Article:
Pamukkale and Hierapolis, Turkey
After we spent the first two days in our hotel in Belek and enjoyed the beach, we left by bus for Pamukkale. There were three buses in our group and the bus drivers were brothers. It was the prerogative of the oldest brother to drive in front - his younger siblings were not allowed to pass him. That would have been disrespectful.
Striking Gold and Evil Eyes
Rouge is actually wearing all the "jewellery" we acquired during our trip - a couple of Blue Eyes and a coin talisman, and even those were gifts.
The blue eye charms Rouge is wearing on her belt are Nazar Boncugu ("Evil Eye Beads" or Evil Eye, Blue Eye, Blue Eye Beads, Glass Eye Bead, Eye of Protection, etc.). These lucky charms are believed to reflect evil and protect the wearer against the "evil" associated with envious or covetous gazes and/or other negative thoughts or energies that may be directed at him. This force of the Evil Eye (or Nazar) is a widely accepted and feared random element in Turkish daily life. Nazar Boncugu are just about everywhere - stores, offices, homes, and of course they are also popular souvenirs. Our bus drivers had some next to their seats, too. Once a Boncuk is found cracked, it means it has done his job and immediately a new one has to replace it.
Of course the first station on our journey was a jeweller's store just outside Antalya where we got a glimpse of the goldsmiths at work. While there were very nice pieces to look at, the stay need not have been quite as long for our taste, since we did not want to buy anything - and that afternoon, we arrived rather late at Pamukkale and did not have as much time there as we´d have liked to. I took this picture of a stork nesting on a telegraph pole while waiting outside for the rest of the group to come out.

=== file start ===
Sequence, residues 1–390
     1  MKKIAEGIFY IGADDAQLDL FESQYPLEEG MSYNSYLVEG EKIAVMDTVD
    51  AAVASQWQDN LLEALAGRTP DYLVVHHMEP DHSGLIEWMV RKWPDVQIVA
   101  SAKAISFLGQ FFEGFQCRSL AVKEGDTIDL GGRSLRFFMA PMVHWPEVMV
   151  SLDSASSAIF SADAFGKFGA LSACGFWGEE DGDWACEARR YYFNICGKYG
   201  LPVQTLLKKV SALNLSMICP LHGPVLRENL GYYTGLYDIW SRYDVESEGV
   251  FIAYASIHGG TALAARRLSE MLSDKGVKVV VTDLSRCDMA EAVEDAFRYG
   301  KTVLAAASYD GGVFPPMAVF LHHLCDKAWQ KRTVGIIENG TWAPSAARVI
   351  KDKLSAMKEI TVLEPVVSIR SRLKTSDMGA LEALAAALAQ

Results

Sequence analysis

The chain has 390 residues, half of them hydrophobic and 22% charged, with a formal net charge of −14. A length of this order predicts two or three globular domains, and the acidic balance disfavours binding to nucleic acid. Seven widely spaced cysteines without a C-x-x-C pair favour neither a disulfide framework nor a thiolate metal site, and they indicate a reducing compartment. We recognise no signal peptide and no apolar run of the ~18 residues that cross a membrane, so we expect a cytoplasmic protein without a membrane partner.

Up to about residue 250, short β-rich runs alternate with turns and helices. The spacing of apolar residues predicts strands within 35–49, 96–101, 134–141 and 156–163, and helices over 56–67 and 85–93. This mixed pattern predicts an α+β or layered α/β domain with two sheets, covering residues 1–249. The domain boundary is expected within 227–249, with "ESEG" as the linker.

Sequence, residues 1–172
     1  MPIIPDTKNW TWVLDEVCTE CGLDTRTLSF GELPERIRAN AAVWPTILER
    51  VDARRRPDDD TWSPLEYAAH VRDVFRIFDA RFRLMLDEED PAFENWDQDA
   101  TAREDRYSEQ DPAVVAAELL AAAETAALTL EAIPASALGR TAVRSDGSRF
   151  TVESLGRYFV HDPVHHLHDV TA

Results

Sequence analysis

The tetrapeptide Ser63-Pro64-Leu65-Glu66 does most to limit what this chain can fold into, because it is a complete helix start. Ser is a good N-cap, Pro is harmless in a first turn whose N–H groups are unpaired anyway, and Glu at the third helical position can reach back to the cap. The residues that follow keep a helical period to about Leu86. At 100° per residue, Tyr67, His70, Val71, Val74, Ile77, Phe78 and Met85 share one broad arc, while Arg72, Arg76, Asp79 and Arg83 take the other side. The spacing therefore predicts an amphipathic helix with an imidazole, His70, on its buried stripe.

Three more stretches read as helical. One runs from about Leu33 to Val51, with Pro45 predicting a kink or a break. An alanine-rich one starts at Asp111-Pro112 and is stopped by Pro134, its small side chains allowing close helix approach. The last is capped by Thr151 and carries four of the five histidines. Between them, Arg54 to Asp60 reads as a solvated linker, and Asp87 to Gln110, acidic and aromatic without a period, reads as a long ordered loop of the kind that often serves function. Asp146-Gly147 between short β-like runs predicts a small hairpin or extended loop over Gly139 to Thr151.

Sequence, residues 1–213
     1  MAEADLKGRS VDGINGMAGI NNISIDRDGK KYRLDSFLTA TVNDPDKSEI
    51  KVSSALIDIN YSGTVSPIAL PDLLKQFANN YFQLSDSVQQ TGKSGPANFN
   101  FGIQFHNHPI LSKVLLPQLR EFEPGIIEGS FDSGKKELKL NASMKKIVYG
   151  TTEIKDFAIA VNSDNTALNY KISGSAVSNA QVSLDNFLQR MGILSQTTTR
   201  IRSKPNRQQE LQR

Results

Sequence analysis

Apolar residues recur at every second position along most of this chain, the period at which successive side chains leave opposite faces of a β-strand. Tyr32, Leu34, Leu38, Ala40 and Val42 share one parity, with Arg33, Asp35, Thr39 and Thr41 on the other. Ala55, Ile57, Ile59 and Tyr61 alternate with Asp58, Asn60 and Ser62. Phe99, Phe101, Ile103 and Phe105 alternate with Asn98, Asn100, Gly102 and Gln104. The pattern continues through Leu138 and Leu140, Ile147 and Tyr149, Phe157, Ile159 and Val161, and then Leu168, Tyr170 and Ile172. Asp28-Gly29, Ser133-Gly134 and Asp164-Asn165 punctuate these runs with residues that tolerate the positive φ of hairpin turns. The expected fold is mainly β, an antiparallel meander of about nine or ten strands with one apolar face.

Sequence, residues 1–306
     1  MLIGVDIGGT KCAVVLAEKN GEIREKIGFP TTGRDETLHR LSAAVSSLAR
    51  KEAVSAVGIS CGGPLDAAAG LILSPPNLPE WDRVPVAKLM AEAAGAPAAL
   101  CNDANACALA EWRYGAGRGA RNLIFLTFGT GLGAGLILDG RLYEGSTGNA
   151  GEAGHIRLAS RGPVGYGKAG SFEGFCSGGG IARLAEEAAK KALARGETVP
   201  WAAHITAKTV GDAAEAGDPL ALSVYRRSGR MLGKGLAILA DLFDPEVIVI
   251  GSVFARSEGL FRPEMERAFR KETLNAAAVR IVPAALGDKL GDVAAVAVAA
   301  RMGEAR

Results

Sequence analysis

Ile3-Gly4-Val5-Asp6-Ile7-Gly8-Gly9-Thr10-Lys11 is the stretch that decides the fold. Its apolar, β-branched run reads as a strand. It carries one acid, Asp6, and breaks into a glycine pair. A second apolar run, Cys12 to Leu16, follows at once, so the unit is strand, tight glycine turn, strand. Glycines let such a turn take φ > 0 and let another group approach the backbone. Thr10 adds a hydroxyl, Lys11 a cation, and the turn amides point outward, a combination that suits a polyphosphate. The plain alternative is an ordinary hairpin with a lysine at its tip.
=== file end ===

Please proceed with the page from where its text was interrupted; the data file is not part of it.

Nevertheless it was a little more than a mere sales stop: Gold jewellery is an important factor in Turkish culture. Turkey has the world's third biggest market for it after India and the U.S. and a huge jewellery industry. It is the fifth biggest importer of gold worldwide, and roughly three quarters of Turkey's gold gets used in jewellery production. Tourists visiting the country make up roughly one quarter of the market (...the other tourists, that is, since we resisted all attempts to talk us into buying something). The main market, however, is not foreigners: Gold is a traditional savings instrument in Turkey.
Gold brooches, bracelets and other jewellery are given to women during weddings as dowries, and they are their own to keep even if the husband dies or divorces them. Anatolian families hoard the precious metal as a hedge against inflation and as a precaution for bad times. And just about any jeweller´s store is ready to buy gold items for cash. As one Turkish minister phrased it: "Gold has an indispensable place in the lives of Anatolian people. Babies* in Anatolia recognize gold as soon as they open their eyes to the world; they come across it at all turning points in their lives; in gold, they find their last security and comfort. Gold, for Anatolian people, is the symbol of sharing on good days; on bad days, the power to hold on." (www.turkey-now.org)
*funny typo: I just realized I had accidentally written "Barbies in Anatolia". :-) Rouge is rolling on the floor laughing - after all, Barbie has become the doll archetype of a material girl...
Journey to the Cotton Castle
Our journey took us through the Taurus mountains. Just imagine, both Euphrates and Tigris emerge from this mountain range (though not exactly here or anywhere close to Antalya - the entire mountain range is more than 1000 km long). It was formed by the collision of the European and African continental plates.
One of our stops was at this reservoir lake near Karacaören.
The further we got into the Anatolian highlands, the more the vegetation changed from forest to steppe. The highlands of Anatolia are considered the heartland of the country. It may not look that way in the pictures, but here, fruit trees, cotton, roses and opium are grown. The roses are made into rose oil, rose water, rose jam or lokum (Turkish delight, which comes in many flavours). According to our travel guide, the opium is exported to the USA for medicinal purposes.